hard to believe


Also found in: Legal.

hard to believe

 and hard to swallow
not easily believed; hardly believable. Her story was hard to swallow, and it finally was proven to be a lie.
See also: believe, hard
References in classic literature ?
At the same time, I find it hard to believe that a successful invasion of this country is within the bounds of possibility.
But truly, forsooth, I find it hard to believe him the same man.
It was hard to believe that that lofty wooded rampart on the left which so overtops the Jungfrau was not actually the higher of the two, but it was not, of course.
You seem to find it hard to believe, but I can assure you that I know nothing.
Something closely analogous to knowledge and desire, as regards its effects on behaviour, exists among animals, even where what we call "consciousness" is hard to believe in; something equally analogous exists in ourselves in cases where no trace of "consciousness" can be found.
It's hard to believe," he murmured, "such a very small girl went away and such a very grown up little woman has come back.
Betts tried hard to believe them the last, though, in his inmost heart, he would a thousand times rather that the woman he loved should smile on a weakness of this sort, in a girl of her own age, than that she should show herself to be prematurely wise, if it was wisdom purchased at the expense of the light-heartedness and sympathies of her years and sex.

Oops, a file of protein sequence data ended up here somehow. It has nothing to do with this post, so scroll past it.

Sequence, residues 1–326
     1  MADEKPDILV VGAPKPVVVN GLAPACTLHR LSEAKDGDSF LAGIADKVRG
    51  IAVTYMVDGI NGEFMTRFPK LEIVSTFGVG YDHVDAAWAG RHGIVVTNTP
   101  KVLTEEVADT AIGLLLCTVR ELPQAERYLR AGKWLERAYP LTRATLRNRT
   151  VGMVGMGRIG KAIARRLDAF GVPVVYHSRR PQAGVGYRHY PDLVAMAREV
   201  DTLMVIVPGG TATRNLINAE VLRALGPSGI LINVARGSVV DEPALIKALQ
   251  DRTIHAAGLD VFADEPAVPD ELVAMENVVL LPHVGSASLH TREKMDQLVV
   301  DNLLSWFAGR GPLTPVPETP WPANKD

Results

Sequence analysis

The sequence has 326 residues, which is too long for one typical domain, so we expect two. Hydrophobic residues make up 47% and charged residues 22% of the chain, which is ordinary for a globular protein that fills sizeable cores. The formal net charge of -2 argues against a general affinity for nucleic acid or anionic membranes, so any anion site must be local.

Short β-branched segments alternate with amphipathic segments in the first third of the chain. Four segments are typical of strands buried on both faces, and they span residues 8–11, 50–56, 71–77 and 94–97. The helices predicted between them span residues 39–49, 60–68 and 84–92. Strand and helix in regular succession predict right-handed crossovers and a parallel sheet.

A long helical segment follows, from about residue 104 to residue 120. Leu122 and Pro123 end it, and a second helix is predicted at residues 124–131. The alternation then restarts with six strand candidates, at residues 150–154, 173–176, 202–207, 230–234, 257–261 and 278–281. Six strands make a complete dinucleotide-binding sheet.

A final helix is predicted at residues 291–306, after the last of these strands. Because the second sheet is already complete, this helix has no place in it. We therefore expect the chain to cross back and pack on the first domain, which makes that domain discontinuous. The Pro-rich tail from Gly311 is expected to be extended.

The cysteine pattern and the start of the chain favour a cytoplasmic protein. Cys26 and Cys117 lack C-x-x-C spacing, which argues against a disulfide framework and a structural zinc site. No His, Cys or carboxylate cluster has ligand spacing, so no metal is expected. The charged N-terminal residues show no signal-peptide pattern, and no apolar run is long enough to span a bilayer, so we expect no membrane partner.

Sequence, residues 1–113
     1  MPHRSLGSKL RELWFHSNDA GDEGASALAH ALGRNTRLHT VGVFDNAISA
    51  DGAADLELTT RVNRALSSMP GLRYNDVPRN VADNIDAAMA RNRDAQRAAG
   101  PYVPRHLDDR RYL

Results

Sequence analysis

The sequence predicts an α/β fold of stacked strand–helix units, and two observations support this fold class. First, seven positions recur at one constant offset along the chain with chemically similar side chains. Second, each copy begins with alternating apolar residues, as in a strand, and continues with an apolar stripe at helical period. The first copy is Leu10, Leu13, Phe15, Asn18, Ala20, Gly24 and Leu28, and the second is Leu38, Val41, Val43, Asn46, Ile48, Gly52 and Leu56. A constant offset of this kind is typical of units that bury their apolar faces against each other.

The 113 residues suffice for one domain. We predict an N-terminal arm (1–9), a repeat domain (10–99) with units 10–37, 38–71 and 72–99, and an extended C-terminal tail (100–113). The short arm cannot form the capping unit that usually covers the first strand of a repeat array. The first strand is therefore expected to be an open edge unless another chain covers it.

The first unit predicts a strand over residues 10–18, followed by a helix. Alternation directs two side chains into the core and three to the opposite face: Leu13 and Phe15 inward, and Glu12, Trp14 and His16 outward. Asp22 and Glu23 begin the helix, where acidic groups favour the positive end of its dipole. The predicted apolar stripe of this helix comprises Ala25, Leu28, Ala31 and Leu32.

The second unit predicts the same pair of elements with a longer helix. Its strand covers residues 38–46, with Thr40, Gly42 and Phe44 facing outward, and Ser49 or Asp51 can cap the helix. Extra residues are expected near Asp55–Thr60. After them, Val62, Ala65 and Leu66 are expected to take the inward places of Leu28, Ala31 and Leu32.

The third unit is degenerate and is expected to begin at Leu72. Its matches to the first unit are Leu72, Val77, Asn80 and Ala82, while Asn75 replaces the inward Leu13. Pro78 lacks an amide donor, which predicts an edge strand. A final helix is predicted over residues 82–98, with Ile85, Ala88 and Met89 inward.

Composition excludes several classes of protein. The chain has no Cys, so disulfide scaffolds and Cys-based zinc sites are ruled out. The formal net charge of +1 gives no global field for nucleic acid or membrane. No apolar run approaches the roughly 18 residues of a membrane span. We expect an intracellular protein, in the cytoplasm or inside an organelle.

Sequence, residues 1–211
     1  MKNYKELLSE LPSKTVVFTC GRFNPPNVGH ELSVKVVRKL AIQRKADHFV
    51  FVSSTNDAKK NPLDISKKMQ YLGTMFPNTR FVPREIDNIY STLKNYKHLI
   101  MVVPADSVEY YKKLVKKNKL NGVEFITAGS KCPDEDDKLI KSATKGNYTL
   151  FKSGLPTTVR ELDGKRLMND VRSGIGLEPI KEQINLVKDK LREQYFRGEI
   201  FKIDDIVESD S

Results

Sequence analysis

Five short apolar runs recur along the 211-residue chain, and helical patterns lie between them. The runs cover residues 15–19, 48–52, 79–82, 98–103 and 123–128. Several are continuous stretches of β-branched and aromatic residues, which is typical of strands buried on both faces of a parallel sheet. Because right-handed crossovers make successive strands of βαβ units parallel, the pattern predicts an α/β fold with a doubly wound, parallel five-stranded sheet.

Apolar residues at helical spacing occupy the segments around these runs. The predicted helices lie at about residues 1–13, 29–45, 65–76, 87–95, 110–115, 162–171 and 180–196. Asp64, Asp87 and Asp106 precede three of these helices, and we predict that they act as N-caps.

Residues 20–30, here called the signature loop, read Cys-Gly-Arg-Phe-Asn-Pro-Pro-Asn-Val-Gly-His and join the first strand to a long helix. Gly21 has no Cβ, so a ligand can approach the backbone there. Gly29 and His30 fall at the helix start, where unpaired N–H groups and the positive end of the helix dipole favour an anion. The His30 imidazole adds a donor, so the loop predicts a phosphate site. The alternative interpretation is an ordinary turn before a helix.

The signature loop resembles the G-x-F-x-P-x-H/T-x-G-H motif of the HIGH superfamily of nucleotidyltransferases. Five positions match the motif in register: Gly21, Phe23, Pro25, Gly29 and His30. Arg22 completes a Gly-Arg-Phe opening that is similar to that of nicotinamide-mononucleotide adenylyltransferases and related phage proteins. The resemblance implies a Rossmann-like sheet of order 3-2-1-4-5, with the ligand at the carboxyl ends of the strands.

My own brother is among those who died to-night; but this is a great matter, and the thing is hard to believe.
I agree in what you are saying, he replied, which may be hard to believe, yet, from another point of view, is harder still to deny.
Behind was the black cave, masked with green thorn, so low that it was hard to believe that a man could enter it.
It is hard to believe that in three months we shall probably be snowed up and certainly be cold.
Yet his wide white beard, cherubic face, and sparkling spectacles, at the numberless dinners and congresses where they appeared, made it hard to believe, somehow, that he had ever been anything so morbid as either a dram-drinker or a Calvinist.
It was hard to believe that amongst so prosaic surroundings of neglect and dust and decay there was any ground for such fear as already we knew.
Moving about the Rome of to-day, we might find it hard to believe in her old magnificence and her millions of population; but with this stubborn evidence before us that she was obliged to have a theatre with sitting room for eighty thousand persons and standing room for twenty thousand more, to accommodate such of her citizens as required amusement, we find belief less difficult.
It was hard to believe, as he looked back over it, that the whole great span was incurably disabled, was already as good as condemned, because something was out of line in the lower chord of the cantilever arm.